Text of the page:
Parents are setting up their children for major disappointment if they focus too much on “wanting them to be happy,” Aaron Cooper and Eric Keitel contend in their thought-provoking book I Just Want My Kids to Be Happy!

The idea is that building up the ideal of constant happiness sends the message to kids that other feelings are unacceptable and can’t be discussed. This leads to children bottling up emotions and either suppressing them or expressing them in unhealthy ways. It also leads to children feeling like failures if every day isn’t filled with exuberant, positive feelings.

The book is a fascinating read, and will serve as a jumping-off point for the April 8 workshop in our Parent Education Series, led by Director of Student Support Services Kari Misulonas. We hope everyone will join us at 7:00 p.m. in the Arts Center for this free event!

As we get older, we come to understand that everyone experiences emotions such as sorrow, anger, frustration, and fear. This is what comprises the human experience, and is hard-wired through evolution to enable us to react to various situations. Emotions in and of themselves are not a bad thing — and verbalizing them brings us a sense of relief.

Parents can help children by listening, encouraging them to name feelings, and confirming those feelings are normal and OK. Although the temptation is often to fix or reframe tough situations in a positive light, often validating children’s feelings is more helpful.

Parents should acknowledge that it is normal to be feeling different emotions in a given situation, and that there are helpful ways to handle those emotions. Teaching children to separate emotions from actions is a skill they will use throughout their lives. For example: “Yes, you are angry, and that’s understandable. Let’s try some breathing and physical activity instead of lashing out at your brother.”

Social and emotional learning is a topic getting much more attention as of late. The Collaborative for Academic, Social, and Emotional Learning (CASEL) has identified five core competencies which include self-awareness, the ability to accurately recognize one’s emotions; and self-management, the ability to manage one’s emotions, thoughts and behaviors. Social and emotional learning is increasingly correlated with success in job performance and mental health later in life.

Social and emotional learning may take different forms across a child’s developmental level. For our youngest learners at Morgan Park Academy, we emphasize identifying and verbalizing different feelings by recognizing facial expressions, behaviors, and situations. We encourage students to express times when they have felt sad, angry, or worried, and give them tools to help manage those situations.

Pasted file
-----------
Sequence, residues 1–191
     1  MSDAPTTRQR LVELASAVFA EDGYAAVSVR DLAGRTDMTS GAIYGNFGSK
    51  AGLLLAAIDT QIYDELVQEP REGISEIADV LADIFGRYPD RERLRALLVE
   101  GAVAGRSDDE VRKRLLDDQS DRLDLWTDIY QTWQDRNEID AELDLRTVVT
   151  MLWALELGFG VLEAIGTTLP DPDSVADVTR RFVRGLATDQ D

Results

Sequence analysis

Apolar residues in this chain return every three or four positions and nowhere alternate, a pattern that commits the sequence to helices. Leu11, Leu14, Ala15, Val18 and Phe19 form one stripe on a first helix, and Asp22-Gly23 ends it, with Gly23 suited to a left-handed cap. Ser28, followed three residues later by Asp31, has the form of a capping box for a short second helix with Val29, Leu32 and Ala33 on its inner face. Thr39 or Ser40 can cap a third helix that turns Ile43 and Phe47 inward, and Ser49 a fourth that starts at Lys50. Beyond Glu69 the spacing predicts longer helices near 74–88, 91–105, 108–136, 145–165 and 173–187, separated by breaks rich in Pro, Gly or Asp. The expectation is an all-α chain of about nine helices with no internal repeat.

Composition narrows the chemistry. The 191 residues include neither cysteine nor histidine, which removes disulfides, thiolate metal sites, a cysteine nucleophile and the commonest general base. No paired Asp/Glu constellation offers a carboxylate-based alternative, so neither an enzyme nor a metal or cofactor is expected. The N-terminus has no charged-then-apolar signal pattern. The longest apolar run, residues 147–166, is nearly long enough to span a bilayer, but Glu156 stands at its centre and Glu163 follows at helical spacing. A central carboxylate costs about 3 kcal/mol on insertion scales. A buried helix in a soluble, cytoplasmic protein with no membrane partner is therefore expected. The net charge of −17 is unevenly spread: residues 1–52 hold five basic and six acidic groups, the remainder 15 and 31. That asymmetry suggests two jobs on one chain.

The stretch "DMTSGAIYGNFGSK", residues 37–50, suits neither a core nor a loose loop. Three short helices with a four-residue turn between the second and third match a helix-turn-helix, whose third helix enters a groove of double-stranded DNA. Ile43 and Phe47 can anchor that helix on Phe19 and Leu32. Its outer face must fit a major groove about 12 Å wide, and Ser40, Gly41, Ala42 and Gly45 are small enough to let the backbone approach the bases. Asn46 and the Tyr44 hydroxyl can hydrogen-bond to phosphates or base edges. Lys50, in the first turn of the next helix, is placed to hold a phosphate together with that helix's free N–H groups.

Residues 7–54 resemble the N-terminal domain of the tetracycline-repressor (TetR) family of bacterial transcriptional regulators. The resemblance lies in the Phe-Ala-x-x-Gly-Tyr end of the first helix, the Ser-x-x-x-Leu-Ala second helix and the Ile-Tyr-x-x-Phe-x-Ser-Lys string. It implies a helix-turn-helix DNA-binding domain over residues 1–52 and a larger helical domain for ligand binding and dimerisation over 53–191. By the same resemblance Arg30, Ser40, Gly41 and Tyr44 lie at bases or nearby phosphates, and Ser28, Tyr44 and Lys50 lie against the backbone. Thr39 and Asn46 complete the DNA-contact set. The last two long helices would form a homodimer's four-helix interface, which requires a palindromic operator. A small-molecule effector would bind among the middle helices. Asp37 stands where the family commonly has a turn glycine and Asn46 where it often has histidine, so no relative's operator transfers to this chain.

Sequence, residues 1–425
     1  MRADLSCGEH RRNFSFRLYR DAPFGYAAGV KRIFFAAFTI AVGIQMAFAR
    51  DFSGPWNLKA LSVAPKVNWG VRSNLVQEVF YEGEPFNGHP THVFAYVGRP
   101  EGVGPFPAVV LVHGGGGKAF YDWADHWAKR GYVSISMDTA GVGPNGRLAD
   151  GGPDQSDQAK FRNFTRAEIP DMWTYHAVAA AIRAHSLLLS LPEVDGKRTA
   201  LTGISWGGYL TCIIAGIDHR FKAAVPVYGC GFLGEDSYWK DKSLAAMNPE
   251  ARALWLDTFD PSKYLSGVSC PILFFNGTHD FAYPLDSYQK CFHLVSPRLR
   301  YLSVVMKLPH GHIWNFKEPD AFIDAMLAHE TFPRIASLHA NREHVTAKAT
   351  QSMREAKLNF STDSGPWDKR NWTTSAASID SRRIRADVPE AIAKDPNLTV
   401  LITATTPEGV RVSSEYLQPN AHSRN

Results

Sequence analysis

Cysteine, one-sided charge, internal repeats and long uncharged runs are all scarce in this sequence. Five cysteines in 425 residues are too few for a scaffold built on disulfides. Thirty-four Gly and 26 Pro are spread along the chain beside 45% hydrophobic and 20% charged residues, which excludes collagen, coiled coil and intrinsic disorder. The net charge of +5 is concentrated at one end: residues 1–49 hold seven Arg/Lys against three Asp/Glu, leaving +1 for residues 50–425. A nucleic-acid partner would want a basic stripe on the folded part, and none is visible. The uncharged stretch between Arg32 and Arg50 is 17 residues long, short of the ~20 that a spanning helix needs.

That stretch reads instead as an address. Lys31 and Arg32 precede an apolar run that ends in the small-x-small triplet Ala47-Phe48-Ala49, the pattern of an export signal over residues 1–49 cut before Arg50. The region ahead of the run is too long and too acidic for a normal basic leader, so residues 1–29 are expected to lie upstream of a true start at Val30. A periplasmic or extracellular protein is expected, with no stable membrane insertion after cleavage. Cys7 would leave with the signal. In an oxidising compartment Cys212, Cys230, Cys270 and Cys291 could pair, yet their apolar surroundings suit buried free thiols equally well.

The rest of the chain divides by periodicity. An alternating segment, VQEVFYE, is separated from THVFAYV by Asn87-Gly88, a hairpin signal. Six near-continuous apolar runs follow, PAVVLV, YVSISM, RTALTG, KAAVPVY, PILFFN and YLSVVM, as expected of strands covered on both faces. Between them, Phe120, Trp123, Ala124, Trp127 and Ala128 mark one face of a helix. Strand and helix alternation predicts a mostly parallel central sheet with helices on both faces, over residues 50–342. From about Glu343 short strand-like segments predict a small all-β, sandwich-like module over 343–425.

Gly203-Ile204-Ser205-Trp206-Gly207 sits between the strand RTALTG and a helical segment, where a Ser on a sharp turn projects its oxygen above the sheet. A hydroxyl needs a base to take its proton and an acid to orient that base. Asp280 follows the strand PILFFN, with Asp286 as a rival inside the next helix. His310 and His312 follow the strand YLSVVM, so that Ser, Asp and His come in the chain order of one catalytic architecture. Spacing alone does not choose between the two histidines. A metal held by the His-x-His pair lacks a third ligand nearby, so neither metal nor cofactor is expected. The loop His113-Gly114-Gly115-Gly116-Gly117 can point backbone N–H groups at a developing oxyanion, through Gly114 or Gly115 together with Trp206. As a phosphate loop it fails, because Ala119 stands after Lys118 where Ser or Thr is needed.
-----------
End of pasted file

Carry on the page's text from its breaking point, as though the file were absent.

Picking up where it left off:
We build on this foundation through the elementary grades, focusing not only on our own emotions, but on building empathy for others’ feelings as well. Some of my favorite tools for teaching about feelings include children’s literature, feelings charades (acting out different feelings or situations), artistic expression, and even an iPad app called “Emotions.” Identifying how characters are feeling in stories and how they might react is an activity that can work with nearly any children’s book or film.

MPA Middle School students continue this emphasis and learn developmentally appropriate ways to handle feelings, such as a unit on stress, mental health, and coping skills in health class or small group meetings with the principals and counselor to discuss various issues. We encourage Upper School students to discuss their feelings and opinions with their advisors as well as classroom teachers and encourage honest and open relationships.

Building strong emotional skills early in life can help children become comfortable talking about how they feel. This foundation proves beneficial through the teenage years and beyond when kids then are able to talk more openly about difficult situations.

At Morgan Park Academy, we emphasize empathy and understanding the human experience across subjects and encourage students to have a voice. Our campus is filled with caring adults who are here to listen to students, no matter what they are going through.

As Cooper and Keitel write: “As your children come to know that you can tolerate their feeling unhappy, they will be more likely to tell you how they feel. This is all you really need.”